It's only been four years since oil was first discovered in Oklahoma City and now there are oil wells everywhere you look, even on the south lawn of the Capitol building. When Tulsa oil baron, HERMAN WOODWARD, a Choctaw Indian who became rich when he found oil oozing from his family's land on the reservation, decides to open an office in Oklahoma City, Jacob sees his chance for a fresh start. He trades in his life working for a corrupt land developer to go to work for, what he will soon find out is, a corrupt oil baron.
LETHA WOODWARD, Herman's wife, is white. Their beautiful daughter MARY is the half-breed product of their marriage. It is a fact that doesn't escape Mary, who is constantly reminded by society that in spite of her great wealth and education, she is 'less than.' Mary, just a few years younger than Jacob also attended the University of Pennsylvania.
Jacob Richland is now the link between two of the most powerful and corrupt families in Oklahoma, fully entrenched, as they each do whatever they can to get ahead in a battle to run commerce, politics, and the future of their state. With nowhere else to go, Jacob turns back to Bryce who seizes the opportunity to finally get all the information he needs about the high-powered under-the-table dealings, crooked politicians, and protections afforded to mobsters using Oklahoma as their hiding place from the law. At first, Jacob resists the idea of being Bryce's spy - he wants out. But he and Bryce both know he has nowhere else to go in the middle of The Great Depression, so he decides to play the game in the hope of doing some good and getting justice.
Jacob is his father's son, and he is savvy enough to know that the best way to accomplish his goal is to gain power. He quickly leverages the family name and powerful relationships with folks like the GAYLORDS, who own the Daily Oklahoman, to influence what gets reported to the community on his way to being elected Mayor of the city.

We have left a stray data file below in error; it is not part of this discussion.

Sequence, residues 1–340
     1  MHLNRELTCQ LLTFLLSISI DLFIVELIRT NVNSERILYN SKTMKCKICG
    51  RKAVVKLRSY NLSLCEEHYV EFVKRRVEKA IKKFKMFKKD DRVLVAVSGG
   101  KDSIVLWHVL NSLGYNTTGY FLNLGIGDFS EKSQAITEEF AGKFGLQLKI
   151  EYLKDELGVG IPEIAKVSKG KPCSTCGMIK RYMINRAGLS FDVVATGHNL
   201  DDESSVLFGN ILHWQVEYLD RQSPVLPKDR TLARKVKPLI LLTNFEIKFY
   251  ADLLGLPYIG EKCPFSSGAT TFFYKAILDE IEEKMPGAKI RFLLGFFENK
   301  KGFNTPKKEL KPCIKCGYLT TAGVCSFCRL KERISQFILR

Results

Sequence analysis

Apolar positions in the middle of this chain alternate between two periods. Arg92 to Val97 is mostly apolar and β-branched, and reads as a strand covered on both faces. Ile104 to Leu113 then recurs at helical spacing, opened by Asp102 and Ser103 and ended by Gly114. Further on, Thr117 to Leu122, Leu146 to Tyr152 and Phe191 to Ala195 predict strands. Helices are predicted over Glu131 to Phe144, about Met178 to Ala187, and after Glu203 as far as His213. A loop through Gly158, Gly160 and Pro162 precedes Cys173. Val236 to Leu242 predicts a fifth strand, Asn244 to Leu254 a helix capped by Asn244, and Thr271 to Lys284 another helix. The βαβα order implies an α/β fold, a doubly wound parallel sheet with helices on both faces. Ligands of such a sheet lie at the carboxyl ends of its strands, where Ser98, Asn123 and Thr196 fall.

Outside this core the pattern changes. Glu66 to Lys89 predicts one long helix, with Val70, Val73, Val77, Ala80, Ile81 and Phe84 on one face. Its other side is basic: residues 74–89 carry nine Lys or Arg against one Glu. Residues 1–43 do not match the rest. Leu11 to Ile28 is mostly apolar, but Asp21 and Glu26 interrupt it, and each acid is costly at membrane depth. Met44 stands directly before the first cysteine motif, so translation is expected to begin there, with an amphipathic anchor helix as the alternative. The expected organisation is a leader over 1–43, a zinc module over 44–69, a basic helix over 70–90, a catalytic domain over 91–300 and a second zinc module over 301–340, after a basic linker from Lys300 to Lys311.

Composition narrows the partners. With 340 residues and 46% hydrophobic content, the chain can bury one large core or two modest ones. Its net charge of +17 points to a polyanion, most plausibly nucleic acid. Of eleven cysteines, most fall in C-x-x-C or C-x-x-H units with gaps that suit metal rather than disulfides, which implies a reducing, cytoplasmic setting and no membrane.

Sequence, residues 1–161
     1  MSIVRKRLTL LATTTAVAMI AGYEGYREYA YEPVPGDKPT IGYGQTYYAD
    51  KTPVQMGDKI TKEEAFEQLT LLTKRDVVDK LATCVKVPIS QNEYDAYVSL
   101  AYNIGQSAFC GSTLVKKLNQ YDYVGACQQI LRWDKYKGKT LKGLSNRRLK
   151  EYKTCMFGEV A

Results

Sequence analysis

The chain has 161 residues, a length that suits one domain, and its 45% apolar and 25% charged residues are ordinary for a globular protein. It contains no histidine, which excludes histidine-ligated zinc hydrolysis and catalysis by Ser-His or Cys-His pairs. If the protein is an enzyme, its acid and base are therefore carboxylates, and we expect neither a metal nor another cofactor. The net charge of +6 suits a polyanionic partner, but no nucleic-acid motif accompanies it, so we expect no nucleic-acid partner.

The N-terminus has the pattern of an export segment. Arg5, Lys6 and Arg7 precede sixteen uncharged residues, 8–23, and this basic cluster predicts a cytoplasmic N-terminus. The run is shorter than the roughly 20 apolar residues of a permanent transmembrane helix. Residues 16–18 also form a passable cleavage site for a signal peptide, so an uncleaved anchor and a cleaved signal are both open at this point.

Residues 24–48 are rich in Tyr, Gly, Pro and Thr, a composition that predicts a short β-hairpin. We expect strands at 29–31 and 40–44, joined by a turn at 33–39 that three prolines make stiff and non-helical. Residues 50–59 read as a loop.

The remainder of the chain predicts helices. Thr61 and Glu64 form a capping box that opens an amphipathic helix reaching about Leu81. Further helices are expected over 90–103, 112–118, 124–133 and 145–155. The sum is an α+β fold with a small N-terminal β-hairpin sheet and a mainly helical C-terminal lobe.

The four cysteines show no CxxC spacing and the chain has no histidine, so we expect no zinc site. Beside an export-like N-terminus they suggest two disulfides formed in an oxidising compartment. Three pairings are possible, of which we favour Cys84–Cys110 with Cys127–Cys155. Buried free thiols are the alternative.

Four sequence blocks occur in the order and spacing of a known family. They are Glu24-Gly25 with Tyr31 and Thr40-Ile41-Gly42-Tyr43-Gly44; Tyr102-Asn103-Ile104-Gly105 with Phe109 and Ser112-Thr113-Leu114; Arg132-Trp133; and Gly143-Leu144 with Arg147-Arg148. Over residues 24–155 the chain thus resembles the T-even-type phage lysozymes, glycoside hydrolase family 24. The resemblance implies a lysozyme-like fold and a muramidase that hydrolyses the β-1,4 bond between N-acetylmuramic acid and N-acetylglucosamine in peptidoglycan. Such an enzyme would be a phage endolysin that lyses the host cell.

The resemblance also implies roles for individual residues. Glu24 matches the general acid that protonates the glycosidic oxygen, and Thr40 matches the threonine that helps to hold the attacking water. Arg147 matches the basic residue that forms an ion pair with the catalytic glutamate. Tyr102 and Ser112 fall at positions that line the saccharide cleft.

As Jacob gains his own power and position, Charles Richland and Herman Woodward, once sworn enemies, find they have something in common...they are losing power while Jacob is gaining it. They join forces to do whatever they can to try and sabotage Jacob’s efforts at lawful change, while Jacob continues to squash the corruption hurting his town.
Personally, Jacob is frustrated by the realization that his love affair with Vera, if it were known, could damage his reputation and his mission. But Vera likes keeping it secret, as she has too many skeletons in her closet that she prefers Jacob never know about. Besides, the covert affair allows her to pass along critical information to Jacob that patrons of her restaurant share when they have their guard down.
AS THE SERIES PROGRESSES...there is a push to merge the Richland and Woodward family businesses to put them in league with the Rockefellers and Carnegie's. Soon, with their help, Jacob finds himself in a public relationship with the beautiful Mary Woodward. She falls in love with him, but questions his loyalty to her, as she knows there is power to be gained by their marriage. Over time Mary learns of Jacob and Vera's affair, but allows it to continue, just as his father had allowed her mother's affairs, and ultimately uses it to blackmail Jacob for her own gain.
Jacob uses his political power to move Bryce up through the ranks of the Police Department, as he slowly cleans house. As they make strides, Bryce serves as Jacob's moral guide when he is tempted by the faster gains they can make through corruption. After a series of successes in the Police Department, Bryce is recruited by the FBI. He joins their force but remains in Oklahoma City to run the state Field Office. This creates greater opportunities for Jacob and Bryce to clean up Oklahoma City and the State. Another advantage Jacob finds with his new power as Mayor is the opportunity to try out some of his progressive ideas he learned while living in the east during the 20͛s. This puts Jacob in direct conflict with the conservatives in the State as he begins to wonder if he will ever find his own personal happiness while keeping balance, justice and peace in Oklahoma City.